Planting more trees in urban areas is one of the best ways for cities to improve the wellbeing of their residents while also helping them tackle a growing number of challenges resulting from climate change.
In an effort to encourage cities worldwide to green up their concrete-laden cityscapes, an annual recognition program, called Tree Cities of the World, celebrates those urban areas that are actively working to educate residents and motivate local governments to protect, care for, and expand their urban forests.
The purpose of the program is well-established in a large body of research indicating how nature is key to resilient and thriving cities. On top of benefiting the wellbeing of urban residents, trees also yield three to five times their cost in overall benefits to a city, in the form of stormwater management, decreased levels of air pollution, and reduced energy costs.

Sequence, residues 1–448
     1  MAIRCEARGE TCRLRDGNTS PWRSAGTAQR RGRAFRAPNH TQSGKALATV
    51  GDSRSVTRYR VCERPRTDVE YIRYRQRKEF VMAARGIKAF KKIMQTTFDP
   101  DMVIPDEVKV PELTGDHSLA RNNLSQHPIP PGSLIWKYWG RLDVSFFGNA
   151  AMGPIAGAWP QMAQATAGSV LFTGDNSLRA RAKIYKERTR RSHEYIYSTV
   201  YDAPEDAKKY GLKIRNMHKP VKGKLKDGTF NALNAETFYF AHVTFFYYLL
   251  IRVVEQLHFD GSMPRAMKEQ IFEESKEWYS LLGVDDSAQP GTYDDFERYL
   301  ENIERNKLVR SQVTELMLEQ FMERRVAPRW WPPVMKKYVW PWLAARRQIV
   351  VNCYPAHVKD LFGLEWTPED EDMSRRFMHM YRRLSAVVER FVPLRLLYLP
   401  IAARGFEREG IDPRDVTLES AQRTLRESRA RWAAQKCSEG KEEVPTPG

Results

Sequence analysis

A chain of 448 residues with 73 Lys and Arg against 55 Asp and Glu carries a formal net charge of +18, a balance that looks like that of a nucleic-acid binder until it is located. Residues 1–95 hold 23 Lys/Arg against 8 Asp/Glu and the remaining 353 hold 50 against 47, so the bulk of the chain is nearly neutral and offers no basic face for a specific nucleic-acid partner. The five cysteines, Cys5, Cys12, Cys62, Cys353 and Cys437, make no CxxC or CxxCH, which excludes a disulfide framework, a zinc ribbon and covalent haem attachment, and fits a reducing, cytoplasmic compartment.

According to the program’s manager, Alana Tucker, Tree Cities of the World has recognized its first group of cities in 2019. “There are now 120 cities from 23 countries recognized globally as Tree Cities of the World. Cities must reapply for annual recognition [and meet] 5 core standards of urban forest management for recognition,” says Tucker.
The five core standards are Establishing Responsibility (with a written statement that delegates care to a designated tree board); Setting the Rules (with an official policy that sets out requirements and best practices for tree care and worker safety); Knowing What You Have (using an updated city-wide inventory of all trees); Allocating Resources (via dedicated annual budget); and Celebrating Achievements (with an annual “tree party” that raises awareness among residents of their importance).